Fully covered, in-province chest surgery might be finally within grasp for some of British Columbia’s female-to-male transsexuals, thanks to a recent policy change at BC’s Ministry of Health.
By directive of the ministry, Vancouver Public Health will now make operating room time available for chest surgeries in public hospitals in the Lower Mainland.
The ministry also decided to extend medical service plan (MSP) coverage to chest contouring, a surgical procedure to realign chest tissue after a mastectomy that previously cost trans guys up to $2,000.
For 31-year-old Ryan Jarman and about 30 other trans men, the long fight for access to the tools to transition might be nearing its end.
“I am really happy, but I am also still a little bit doubtful that it is really going to happen in the end. There have been so many delays and waiting,” says Jarman.
When Jarman was approved by MSP for a mastectomy in 2007, he was hoping it would be only a matter of weeks until he could get the surgery done. His hopes were quickly shattered when he found out the only way to get his sex reassignment surgery (SRS) in Vancouver was through private clinics, which are not funded by the medical service plan.
Jarman says he is now waiting for Dr Cameron Bowman, Vancouver’s SRS specialist, to give him “the green light” for surgery.
Bowman, who underwent a year of ministry-funded training to become an expert in sex reassignment surgeries only to find he couldn’t get operating-room time, says he is “tremendously relieved” to finally see some progress.
“This is what I am trained to do and this is what I believe in, so I am very, very happy with the decision and mostly happy for the patients who have been forced to wait for so long.”
Bowman thinks that within the next six months he will be granted enough operating-room time at public hospitals to perform chest surgery on about 30 trans guys that have been on his waiting list for years.
“It is good that the ministry has finally acknowledged that this is good, that it is important work, necessary work.”
Bowman hopes the ministry’s decision will open the door for more discussion about bottom surgeries too, which at this point are performed in Ontario and Quebec but not in British Columbia.
Equality in health coverage for female-to-male and male-to-female sex reassignment surgeries is another issue that still requires attention, he says.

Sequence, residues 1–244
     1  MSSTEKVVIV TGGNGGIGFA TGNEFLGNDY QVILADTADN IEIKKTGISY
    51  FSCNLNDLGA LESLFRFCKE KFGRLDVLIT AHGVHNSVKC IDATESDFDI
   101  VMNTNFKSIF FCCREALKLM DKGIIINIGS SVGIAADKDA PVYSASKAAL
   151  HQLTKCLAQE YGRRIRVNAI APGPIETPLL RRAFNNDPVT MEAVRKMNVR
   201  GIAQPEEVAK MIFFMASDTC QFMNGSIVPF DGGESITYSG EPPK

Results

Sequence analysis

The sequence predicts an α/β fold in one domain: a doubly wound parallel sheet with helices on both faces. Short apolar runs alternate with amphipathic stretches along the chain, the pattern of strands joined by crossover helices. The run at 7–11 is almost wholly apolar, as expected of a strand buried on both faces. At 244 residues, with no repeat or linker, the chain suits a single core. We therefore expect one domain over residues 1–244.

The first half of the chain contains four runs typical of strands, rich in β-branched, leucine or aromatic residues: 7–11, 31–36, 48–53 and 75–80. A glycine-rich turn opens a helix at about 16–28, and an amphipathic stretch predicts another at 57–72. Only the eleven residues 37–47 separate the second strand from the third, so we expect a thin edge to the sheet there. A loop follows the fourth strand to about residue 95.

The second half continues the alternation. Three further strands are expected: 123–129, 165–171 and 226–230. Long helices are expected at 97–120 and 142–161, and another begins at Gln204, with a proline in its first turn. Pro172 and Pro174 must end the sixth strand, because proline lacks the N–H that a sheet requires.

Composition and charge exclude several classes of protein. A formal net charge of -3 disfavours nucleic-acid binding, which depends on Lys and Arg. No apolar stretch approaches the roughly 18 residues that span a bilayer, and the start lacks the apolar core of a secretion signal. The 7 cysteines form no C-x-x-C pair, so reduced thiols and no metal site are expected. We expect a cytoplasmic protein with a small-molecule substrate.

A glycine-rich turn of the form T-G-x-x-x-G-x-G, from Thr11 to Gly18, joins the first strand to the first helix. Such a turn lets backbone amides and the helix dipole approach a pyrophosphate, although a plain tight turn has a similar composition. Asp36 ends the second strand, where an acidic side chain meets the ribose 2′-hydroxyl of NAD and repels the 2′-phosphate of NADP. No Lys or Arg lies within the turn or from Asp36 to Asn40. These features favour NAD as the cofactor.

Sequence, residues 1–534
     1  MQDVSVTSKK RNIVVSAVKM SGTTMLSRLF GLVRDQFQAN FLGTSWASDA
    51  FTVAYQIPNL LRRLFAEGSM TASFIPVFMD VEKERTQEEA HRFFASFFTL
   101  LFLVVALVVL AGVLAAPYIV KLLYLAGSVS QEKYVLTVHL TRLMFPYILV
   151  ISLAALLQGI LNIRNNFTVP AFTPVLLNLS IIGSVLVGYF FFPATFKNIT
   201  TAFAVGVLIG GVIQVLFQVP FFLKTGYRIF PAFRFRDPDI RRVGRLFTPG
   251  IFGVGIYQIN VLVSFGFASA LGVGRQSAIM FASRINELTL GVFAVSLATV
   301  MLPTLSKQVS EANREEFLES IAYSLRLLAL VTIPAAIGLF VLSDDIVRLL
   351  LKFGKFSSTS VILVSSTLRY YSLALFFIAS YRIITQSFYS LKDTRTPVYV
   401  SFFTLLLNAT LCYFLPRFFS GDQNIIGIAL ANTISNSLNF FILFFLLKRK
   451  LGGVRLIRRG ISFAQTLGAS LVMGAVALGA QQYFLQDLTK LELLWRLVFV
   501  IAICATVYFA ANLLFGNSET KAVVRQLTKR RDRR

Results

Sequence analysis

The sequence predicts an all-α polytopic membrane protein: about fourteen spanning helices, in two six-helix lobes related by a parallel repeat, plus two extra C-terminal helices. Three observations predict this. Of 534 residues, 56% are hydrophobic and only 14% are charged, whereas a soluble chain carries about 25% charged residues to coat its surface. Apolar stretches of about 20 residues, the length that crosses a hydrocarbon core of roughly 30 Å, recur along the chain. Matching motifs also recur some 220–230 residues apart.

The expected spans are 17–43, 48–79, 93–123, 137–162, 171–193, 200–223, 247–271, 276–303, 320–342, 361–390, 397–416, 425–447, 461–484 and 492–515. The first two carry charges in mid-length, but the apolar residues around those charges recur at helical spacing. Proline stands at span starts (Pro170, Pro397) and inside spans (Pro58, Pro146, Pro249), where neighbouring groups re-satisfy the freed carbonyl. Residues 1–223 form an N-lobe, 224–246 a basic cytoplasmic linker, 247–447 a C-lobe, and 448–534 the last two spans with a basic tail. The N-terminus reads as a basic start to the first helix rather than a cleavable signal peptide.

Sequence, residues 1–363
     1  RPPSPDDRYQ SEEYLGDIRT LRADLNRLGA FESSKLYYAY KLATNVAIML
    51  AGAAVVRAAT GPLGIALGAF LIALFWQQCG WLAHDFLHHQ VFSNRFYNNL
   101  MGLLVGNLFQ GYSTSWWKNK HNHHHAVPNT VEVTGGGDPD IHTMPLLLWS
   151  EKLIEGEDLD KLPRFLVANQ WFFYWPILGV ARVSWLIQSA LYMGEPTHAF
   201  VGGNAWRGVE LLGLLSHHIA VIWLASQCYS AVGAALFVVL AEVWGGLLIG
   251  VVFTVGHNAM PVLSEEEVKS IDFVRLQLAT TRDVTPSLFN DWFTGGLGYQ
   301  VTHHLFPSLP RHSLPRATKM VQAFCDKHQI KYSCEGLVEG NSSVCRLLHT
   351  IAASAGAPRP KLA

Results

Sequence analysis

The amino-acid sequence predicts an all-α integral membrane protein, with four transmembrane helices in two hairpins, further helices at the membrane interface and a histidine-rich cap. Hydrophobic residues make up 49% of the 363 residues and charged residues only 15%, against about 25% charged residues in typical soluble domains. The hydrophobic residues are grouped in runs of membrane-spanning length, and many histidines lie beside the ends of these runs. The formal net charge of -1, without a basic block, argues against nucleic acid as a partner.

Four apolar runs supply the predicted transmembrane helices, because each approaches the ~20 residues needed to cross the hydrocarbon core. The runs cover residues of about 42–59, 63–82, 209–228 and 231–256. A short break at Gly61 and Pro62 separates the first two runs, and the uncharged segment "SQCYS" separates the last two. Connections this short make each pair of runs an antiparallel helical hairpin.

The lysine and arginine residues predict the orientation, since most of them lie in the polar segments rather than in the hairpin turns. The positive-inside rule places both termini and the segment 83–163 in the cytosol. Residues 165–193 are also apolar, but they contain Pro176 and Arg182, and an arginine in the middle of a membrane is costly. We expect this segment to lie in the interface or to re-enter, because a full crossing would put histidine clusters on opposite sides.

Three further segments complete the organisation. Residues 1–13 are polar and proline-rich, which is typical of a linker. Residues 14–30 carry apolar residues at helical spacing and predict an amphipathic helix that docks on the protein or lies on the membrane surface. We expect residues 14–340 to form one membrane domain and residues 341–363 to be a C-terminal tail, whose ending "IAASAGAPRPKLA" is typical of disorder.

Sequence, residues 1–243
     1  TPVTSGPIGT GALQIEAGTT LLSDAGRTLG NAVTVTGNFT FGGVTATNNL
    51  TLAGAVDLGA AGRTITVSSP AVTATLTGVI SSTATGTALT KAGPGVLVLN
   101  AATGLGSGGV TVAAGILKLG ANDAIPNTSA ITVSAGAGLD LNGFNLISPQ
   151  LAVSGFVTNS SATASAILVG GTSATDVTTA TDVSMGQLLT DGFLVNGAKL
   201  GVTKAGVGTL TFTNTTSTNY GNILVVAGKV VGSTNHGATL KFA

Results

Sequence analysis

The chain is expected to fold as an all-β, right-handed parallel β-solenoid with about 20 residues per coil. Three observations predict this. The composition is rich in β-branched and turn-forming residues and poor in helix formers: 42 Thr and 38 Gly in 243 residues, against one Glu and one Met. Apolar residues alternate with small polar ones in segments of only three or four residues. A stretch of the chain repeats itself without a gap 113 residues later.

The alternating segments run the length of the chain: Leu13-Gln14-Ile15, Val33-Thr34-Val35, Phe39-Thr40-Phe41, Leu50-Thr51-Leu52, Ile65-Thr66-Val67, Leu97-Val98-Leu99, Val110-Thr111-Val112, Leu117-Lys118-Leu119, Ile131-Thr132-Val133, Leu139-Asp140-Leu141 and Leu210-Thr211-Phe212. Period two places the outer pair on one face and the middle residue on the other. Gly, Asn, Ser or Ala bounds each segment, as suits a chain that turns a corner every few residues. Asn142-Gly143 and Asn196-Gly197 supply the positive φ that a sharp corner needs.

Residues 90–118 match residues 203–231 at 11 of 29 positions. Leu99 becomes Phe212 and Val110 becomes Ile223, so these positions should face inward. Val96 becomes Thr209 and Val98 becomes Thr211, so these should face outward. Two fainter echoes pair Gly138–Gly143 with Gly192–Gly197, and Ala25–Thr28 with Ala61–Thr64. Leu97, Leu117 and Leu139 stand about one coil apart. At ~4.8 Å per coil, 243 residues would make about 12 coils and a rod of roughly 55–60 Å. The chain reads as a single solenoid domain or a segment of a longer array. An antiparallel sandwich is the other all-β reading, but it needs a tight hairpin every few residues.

“The government funds MtF bottom surgery, but not the other way round. That is an obvious inequity. It’s a human rights inequity issue among other things,” he says.
Like Bowman, Dr Trevor Corneil, medical director at Vancouver Coastal Health for transgender primary care, believes making operating room time available is an important step in the process of integrating trans men into society and BC’s healthcare system.
“Binding and covering up breasts can be uncomfortable and often painful,” Corneil says. “Having that [chest surgery] done sooner rather than later facilitates trans men’s ability to integrate into society as their gender defines.”
Michael Holmes, one of the trans men on Dr Bowman’s waiting list, knows all too well what it means to be unable to live fully in one’s self-defined gender. Like Jarman, Holmes was approved years ago by MSP to have his breasts removed, but couldn’t get the surgery done.
“It really puts a damper on things. You can’t go out swimming or doing anything like that,” he says. “If I could get the top surgery, that would mean a lot to me. I could move on and fit into the community a lot better.”
Jarman says he is convinced the surgery will make “a huge difference” in terms of his self-perception and level of comfort in his own body. He hopes the ministry’s recent decision will result in a long-term commitment to trans men’s health needs.
“For the people who haven’t been approved by MSP yet, it might be more difficult. I have no idea if they will be able to get their top surgery done in the future. These things change so fast. One month it is approved and the next it isn’t.”